UAE reaffirms commitment to protecting children in armed conflict

NEW YORK, 10th July, 2018 (WAM) — The UAE has reaffirmed its deep commitment to protecting children in armed conflict, both by providing humanitarian aid and ensuring their long-term wellbeing.

Lana Nusseibeh, Ambassador and Permanent Representative of the UAE to the UN made the remarks while delivering the UAE statement at the United Nations Security Council Open Debate on Children and Armed Conflict, chaired by Stefan Lofven, Prime Minister of Sweden.

“There is nothing more universal than the principle that children are entitled to special protection. It is something that we can all agree on, no matter our policy positions or how entrenched our disagreements may be,” underlined Ambassador Nusseibeh. “We should all be extremely concerned by the significant increase of verified grave violations against children in 2017.”

Addressing the situation in Yemen, Ambassador Nusseibeh reiterated that the Coalition to Support Legitimacy in Yemen takes its responsibility for protecting all civilians in armed conflict – particularly children – very seriously. She outlined the measures implemented by the Coalition to minimise the impact of conflict on children, as well as the Coalition’s close coordination with all UN agencies and Non-Governemenr Organisations, NGOs, on the ground.

She noted that in coordination with the Special Representative of the Secretary-General on Children and Armed Conflict, Virginia Gamba, the Coalition has established a dedicated Child Protection Unit as a means of improving the protection of children. She also emphasised the positive results of the Coalition’s efforts to strengthen the protections for children, including the reintegration of Yemeni children, who were recruited by Houthi militia, in their communities.

The UAE’s Representative to the UN said that the Houthis continue to terrorise Yemeni citizens, and underscored their complete disregard for children and violations of international humanitarian law. “The Houthis use children as child soldiers and human shields, their exploitation of civilian hospitals and schools for military purposes, the indiscriminate planting of landmines, as well as their attacks against the civilian population of Saudi Arabia,” she said.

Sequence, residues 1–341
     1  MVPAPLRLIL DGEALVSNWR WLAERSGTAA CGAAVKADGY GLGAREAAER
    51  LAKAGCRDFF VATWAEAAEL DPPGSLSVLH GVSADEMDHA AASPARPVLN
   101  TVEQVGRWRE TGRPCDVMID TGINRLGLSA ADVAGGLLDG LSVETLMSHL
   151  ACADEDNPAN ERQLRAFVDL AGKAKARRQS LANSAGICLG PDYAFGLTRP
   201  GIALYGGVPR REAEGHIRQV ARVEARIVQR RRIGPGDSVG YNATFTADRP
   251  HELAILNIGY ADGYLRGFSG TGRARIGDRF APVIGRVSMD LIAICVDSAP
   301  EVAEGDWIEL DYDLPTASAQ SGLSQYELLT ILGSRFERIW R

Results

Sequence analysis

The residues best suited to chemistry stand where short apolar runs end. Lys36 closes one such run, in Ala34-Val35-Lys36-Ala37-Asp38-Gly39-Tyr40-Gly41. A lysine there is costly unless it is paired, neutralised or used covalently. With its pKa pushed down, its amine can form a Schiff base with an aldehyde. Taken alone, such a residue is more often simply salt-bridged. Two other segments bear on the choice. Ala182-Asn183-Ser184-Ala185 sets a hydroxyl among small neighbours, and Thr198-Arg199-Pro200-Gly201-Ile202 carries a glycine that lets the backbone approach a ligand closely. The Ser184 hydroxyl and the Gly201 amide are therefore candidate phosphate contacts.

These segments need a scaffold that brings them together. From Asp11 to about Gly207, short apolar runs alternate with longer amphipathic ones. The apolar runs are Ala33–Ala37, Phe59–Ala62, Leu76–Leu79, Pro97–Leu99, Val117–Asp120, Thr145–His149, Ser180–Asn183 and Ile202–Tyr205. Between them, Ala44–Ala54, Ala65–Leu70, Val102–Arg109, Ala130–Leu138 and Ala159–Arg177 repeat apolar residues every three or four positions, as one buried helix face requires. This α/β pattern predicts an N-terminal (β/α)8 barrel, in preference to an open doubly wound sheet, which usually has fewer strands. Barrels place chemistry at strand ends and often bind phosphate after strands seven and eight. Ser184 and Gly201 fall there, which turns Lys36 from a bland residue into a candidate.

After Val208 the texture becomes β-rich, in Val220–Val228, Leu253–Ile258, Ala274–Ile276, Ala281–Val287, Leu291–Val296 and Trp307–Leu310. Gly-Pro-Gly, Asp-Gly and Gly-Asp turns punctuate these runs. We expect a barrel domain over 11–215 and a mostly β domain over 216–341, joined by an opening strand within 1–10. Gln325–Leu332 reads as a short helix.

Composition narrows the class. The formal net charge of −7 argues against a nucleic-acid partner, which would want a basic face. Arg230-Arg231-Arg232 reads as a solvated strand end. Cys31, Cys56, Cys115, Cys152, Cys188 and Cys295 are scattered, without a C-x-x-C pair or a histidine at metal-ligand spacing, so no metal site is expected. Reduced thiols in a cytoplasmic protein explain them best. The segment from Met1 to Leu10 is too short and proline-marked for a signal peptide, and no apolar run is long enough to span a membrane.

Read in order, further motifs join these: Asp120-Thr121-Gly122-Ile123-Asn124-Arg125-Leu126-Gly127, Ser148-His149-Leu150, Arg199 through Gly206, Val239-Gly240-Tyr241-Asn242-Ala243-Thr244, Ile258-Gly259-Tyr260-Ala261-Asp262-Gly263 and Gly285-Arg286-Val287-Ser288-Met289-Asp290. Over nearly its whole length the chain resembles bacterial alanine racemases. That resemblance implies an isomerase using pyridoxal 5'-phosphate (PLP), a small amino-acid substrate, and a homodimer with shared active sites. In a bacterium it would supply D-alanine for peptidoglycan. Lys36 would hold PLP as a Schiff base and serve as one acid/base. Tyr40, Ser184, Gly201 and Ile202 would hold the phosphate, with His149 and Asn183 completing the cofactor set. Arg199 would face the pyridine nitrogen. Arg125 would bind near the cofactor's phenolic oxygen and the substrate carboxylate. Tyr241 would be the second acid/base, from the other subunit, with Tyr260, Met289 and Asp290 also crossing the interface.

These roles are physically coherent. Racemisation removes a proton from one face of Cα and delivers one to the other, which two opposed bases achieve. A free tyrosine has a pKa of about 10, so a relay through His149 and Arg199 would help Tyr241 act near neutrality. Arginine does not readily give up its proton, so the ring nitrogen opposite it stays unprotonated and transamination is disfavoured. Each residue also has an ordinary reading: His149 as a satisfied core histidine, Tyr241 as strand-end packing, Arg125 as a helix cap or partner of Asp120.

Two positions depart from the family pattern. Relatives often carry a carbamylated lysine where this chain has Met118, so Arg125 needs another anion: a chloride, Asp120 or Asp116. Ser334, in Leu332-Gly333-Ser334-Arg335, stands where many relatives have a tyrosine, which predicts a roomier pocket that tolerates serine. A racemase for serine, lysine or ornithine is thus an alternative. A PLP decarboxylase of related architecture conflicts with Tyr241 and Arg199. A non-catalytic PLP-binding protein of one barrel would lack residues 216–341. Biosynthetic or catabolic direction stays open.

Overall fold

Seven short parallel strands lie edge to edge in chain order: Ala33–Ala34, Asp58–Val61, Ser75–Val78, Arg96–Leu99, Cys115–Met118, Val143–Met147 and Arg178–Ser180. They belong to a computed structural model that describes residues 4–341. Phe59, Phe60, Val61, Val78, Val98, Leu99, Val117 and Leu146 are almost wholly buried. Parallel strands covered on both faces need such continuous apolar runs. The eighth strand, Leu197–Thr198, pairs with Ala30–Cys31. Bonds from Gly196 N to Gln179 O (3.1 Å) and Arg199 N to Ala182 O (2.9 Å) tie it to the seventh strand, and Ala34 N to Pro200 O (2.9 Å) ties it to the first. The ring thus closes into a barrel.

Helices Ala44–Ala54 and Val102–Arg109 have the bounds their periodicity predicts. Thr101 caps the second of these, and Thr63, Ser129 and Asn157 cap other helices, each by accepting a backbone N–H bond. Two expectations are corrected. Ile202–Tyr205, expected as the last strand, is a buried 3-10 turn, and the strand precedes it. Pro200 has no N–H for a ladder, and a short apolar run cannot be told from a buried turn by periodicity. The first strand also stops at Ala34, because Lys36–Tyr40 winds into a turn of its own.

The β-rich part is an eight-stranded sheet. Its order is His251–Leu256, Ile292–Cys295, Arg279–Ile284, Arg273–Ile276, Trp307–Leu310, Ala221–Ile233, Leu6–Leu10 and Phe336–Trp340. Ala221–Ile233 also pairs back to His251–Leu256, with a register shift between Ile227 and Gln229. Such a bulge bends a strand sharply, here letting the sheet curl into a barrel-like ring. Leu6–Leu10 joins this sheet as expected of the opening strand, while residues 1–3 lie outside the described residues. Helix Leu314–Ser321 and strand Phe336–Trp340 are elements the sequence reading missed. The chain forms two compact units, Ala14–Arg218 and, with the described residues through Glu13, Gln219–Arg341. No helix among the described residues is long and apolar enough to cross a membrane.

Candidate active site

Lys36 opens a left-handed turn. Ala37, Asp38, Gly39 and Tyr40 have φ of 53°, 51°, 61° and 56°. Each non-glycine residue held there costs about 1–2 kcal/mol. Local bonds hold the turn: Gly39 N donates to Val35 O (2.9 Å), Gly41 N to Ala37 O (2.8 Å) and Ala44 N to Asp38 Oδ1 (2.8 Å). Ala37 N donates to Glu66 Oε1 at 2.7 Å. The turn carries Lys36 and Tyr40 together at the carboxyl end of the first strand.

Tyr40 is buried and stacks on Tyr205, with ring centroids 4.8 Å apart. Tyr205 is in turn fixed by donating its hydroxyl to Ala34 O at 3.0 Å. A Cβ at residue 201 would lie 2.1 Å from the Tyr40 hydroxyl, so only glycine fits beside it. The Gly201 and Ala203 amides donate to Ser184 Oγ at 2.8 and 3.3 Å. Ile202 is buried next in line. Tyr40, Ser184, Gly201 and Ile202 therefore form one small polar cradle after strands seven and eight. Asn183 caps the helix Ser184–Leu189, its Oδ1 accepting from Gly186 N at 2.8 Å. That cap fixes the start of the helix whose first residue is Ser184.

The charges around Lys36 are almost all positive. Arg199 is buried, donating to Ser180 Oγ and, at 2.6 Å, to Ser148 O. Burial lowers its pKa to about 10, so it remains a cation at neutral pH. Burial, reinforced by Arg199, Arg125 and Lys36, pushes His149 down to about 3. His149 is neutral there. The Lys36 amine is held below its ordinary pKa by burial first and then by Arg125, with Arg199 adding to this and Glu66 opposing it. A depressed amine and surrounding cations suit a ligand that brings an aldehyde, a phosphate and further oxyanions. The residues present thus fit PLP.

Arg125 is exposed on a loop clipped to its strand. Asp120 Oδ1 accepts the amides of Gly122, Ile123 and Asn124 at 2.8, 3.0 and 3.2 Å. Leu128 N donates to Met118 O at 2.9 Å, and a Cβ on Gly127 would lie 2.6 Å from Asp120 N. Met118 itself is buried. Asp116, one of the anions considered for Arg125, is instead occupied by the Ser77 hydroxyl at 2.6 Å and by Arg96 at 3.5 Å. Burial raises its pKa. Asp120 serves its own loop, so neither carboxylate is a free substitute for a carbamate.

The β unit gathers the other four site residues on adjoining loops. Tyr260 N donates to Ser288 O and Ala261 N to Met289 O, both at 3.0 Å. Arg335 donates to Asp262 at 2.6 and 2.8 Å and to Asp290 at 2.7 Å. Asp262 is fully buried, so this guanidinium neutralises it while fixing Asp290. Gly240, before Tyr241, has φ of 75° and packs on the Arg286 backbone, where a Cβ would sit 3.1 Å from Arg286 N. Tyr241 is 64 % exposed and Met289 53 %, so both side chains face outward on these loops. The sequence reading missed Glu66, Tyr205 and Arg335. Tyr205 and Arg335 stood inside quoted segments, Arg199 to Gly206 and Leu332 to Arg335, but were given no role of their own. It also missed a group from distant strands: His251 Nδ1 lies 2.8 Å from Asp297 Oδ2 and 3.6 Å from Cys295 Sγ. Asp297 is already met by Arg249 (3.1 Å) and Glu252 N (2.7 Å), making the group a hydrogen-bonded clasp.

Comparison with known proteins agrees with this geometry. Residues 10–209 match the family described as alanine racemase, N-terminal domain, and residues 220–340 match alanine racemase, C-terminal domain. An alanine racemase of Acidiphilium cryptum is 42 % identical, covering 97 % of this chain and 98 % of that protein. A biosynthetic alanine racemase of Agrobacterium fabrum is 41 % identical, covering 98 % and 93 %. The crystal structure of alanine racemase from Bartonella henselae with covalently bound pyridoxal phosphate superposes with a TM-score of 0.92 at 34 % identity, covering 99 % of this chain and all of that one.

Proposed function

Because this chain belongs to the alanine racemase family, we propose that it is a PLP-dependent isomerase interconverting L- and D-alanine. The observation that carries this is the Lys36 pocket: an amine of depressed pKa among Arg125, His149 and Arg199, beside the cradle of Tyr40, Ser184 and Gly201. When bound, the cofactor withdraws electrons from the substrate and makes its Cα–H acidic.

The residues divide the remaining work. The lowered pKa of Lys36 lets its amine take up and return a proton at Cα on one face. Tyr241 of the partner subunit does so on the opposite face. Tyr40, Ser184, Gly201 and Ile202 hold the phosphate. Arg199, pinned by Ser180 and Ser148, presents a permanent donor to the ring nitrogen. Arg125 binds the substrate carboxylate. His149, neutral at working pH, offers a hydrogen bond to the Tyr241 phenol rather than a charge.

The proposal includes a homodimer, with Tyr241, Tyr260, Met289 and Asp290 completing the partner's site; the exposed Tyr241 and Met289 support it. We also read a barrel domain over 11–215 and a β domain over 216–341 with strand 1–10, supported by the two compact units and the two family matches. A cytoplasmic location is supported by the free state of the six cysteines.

Ambassador Nusseibeh discussed the situation of children in the Arab region, saying, “We know that there is nowhere on Earth where children’s futures are more under threat than in my region, where children suffer enormously from the deluge of current crises.”

She confirmed that extremist and terrorist groups in the region who threaten children, including Daesh in Syria and Iraq and Al Qaeda in the Arabian Peninsula in Yemen. She said that not only do these organisations kill, abduct, recruit for suicide bombings, and sexually abuse children, but they are also responsible for the attacks and the manufacture of explosive devices that cause child causalities and damage to infrastructure critical to the welfare and safety of children.

Regarding Israel’s neglect of children in the occupied Palestinian territories, Ambassador Nusseibeh noted that in 2017, Israel had detained hundreds of Palestinian children.

She expressed concern for the violations committed by Al-Shabaab in Somalia who continue to terrorise children and their families through heinous crimes – including public executions of children. She also highlighted the plight of Rohingya Muslim children in Myanmar that continue to be persecuted as part of ongoing violence against this unprotected community.

“There is no better way to halt the tragedy of children being unprotected in armed conflict than preventing conflict from breaking out in the first place,” stated Nusseibeh.

She concluded by calling for better integration of child protection and prevention efforts, and called for the full implementation of the women, peace and security agenda – focusing on conflict prevention and the meaningful participation of women, as well as the active participation of youth in building peaceful and inclusive societies. She also stressed the importance of education of the ‘lost generation’ of children living their entire childhood in refugee camps. ?

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